Structured machine learning: the next ten years
, 2008
"... The field of inductive logic programming (ILP) has made steady progress, since the first ILP workshop in 1991, based on a balance of developments in theory, implementations and applications. More recently there has been an increased emphasis on Probabilistic ILP and the related fields of Statistic ..."
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Cited by 10 (2 self)
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The field of inductive logic programming (ILP) has made steady progress, since the first ILP workshop in 1991, based on a balance of developments in theory, implementations and applications. More recently there has been an increased emphasis on Probabilistic ILP and the related fields of Statistical Relational Learning (SRL) and Structured Prediction. The goal of the current paper is to consider these emerging trends and chart out the strategic directions and open problems for the broader area of structured machine learning for the next 10 years.
Towards learning stochastic logic programs from proofbanks
 In Proc. of AAAI’05
, 2005
"... Stochastic logic programs combine ideas from probabilistic grammars with the expressive power of definite clause logic; as such they can be considered as an extension of probabilistic contextfree grammars. Motivated by an analogy with learning treebank grammars, we study how to learn stochastic lo ..."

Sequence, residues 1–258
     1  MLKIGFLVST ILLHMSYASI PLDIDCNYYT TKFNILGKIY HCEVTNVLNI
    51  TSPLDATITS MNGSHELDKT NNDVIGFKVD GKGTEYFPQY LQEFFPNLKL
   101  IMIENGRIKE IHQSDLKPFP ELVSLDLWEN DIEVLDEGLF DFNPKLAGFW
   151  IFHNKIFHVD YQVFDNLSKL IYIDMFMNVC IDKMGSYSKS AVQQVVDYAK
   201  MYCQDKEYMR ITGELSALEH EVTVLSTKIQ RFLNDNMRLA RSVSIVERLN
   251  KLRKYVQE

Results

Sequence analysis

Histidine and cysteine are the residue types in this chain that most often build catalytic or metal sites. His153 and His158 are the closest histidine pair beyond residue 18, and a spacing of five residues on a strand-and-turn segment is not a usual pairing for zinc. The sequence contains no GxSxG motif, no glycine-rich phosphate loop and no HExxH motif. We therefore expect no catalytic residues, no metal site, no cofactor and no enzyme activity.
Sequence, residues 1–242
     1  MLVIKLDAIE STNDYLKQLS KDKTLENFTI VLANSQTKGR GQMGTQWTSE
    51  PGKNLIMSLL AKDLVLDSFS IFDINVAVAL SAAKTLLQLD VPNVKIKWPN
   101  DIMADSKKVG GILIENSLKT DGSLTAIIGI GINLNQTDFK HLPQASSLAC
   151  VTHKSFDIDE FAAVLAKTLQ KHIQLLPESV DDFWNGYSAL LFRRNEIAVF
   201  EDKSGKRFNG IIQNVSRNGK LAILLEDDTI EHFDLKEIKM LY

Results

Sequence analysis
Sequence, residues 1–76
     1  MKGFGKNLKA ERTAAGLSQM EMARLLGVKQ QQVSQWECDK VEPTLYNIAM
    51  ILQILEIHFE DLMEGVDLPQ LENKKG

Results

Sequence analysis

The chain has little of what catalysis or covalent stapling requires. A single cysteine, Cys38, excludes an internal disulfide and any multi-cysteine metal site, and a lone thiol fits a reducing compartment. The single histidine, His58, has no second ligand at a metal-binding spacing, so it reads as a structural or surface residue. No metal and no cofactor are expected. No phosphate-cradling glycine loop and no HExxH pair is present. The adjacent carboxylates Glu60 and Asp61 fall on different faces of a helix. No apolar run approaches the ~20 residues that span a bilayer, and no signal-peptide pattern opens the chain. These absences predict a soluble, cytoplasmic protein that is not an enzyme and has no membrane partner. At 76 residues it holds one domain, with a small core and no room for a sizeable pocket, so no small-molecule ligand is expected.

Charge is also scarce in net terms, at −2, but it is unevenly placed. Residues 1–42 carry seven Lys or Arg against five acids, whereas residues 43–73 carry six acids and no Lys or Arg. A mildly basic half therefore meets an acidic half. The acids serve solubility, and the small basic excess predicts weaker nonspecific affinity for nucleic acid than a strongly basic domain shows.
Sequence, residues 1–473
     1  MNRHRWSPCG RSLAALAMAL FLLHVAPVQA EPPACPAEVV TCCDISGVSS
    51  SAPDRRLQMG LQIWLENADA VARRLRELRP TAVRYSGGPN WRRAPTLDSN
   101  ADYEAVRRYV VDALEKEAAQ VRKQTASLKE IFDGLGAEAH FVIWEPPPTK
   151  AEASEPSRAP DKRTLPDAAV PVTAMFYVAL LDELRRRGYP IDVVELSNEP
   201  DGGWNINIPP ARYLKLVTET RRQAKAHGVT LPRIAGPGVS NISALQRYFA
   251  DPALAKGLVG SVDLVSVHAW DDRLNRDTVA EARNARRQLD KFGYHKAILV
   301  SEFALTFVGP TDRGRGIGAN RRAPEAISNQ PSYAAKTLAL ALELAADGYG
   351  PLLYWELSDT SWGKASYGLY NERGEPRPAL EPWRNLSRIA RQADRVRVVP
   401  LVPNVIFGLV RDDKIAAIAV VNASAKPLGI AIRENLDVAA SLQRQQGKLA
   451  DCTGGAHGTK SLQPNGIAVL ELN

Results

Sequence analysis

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Cited by 7 (2 self)
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Stochastic logic programs combine ideas from probabilistic grammars with the expressive power of definite clause logic; as such they can be considered as an extension of probabilistic contextfree grammars. Motivated by an analogy with learning treebank grammars, we study how to learn stochastic logic programs from prooftrees. Using prooftrees as examples imposes strong logical constraints on the structure of the target stochastic logic program. These constraints can be integrated in the least general generalization (lgg) operator, which is employed to traverse the search space. Our implementation employs a greedy search guided by the maximum likelihood principle and failureadjusted maximization. We also report on a number of simple experiments that show the promise of the approach.